Brains of toddlers with autism out of sync

Many toddlers with autism have weak connections between the two sides of the brain, according to the first-ever analysis of brain connections in young children with the disorder, published 23 June in Neuron.

By Megan Scudellari
11 July 2011 | 5 min read
This article is more than five years old.
Neuroscience—and science in general—is constantly evolving, so older articles may contain information or theories that have been reevaluated since their original publication date.


Many toddlers with autism have weak connections between the two sides of the brain, researchers report in the first-ever analysis of brain connections in young children with the disorder. The finding, published 23 June in Neuron1, suggests that autism may be caused by this out-of-sync brain activity.

In healthy individuals, corresponding areas of the brain, one in each hemisphere, activate simultaneously — like two linked light bulbs that grow dimmer and brighter at the same time. Studies have shown that this synchronization is weak in teenagers and adults with autism, and may contribute to symptoms of the disorder2,3, but this is the first time the phenomenon has been investigated in young children.

“There’s been this hypothesis that autism is a disorder of reduced synchronization — that brain areas have less effective communication between them,” says lead investigator Ilan Dinstein, a neurobiologist at the Weizmann Institute of Science in Israel.

In the new study, researchers examined this phenomenon in the brains of 29 toddlers with autism, 13 with language delay and 30 typically developing controls, all between the ages of 1 and 3 and a half. They recorded the toddlers’ brain activity with functional magnetic resonance imaging (fMRI) scans while they slept.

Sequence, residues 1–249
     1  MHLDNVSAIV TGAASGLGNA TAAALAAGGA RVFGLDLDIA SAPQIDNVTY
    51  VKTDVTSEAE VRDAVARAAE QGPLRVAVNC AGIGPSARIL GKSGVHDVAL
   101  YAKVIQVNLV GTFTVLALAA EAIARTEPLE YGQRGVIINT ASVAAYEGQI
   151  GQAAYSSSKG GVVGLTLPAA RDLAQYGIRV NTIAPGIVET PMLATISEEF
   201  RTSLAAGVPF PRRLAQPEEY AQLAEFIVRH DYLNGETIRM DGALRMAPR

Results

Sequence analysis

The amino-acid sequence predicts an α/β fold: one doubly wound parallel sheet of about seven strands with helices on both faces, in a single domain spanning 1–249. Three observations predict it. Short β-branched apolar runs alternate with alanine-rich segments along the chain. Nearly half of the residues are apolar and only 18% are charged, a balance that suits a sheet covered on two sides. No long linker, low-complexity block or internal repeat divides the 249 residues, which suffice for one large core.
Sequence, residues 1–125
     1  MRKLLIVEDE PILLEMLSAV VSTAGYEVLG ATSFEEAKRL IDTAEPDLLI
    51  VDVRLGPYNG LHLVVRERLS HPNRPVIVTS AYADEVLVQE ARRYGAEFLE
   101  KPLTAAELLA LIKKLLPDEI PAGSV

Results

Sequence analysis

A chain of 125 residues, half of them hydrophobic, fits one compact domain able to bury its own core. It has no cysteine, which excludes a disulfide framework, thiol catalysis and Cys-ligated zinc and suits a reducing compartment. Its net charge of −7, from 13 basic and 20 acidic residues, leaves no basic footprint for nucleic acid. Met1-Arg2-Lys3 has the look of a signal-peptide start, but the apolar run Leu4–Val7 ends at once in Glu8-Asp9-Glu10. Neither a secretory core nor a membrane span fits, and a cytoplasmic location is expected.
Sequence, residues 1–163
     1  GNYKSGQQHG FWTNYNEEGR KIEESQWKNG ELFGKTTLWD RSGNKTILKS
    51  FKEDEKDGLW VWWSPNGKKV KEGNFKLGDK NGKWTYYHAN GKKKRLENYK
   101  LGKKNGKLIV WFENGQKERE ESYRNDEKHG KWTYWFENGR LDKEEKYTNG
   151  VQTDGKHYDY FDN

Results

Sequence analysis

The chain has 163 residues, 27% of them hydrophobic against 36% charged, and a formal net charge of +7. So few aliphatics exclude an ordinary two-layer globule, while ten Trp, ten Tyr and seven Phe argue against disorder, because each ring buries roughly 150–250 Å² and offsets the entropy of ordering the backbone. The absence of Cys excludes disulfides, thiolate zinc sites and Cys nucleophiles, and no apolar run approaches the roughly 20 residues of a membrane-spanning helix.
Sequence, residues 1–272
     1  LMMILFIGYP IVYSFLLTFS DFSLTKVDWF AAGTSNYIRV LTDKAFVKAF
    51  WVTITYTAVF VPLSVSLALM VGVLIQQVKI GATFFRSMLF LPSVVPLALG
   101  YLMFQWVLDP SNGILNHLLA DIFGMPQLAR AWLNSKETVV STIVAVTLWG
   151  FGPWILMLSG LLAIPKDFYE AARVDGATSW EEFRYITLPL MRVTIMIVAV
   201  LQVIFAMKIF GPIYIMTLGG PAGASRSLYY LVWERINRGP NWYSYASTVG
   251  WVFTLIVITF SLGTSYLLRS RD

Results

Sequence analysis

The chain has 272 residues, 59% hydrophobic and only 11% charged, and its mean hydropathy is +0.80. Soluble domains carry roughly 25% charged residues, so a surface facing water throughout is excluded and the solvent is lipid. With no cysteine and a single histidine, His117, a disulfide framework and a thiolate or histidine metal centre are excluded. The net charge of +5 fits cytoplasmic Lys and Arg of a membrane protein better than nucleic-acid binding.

Brain activity remains synchronized even during rest, and scanning during natural sleep makes it easier to compare brain function, researchers say.

The team focused on two brain regions associated with language and communication: the inferior frontal gyrus and the superior temporal gyrus. They found that these regions, each with corresponding locations in the left and right hemisphere, are out of sync in toddlers with autism compared with either typically developing or language-delayed toddlers.

The study “points to [autism] being a real neurodevelopmental disorder — that these are developmental neurobiology problems that are arising before the symptoms emerge,” says Pat Levitt, director of the Zilkha Neurogenetic Institute at the University of Southern California, who was not involved with the work. “This isn’t trivial.”

The finding also supports the ‘cortical connectivity’ hypothesis of autism, which holds that autism is the result of disrupted communication between brain regions in the cortex, the part of the brain associated with higher functions such as thought and emotion. “The convergent evidence is overwhelming that brain connectivity in autism isn’t normal,” says Janet Lainhart, associate professor of psychiatry and pediatrics at the University of Utah, who was not involved in the research. “This paper adds evidence in an age group younger than has ever before been demonstrated.”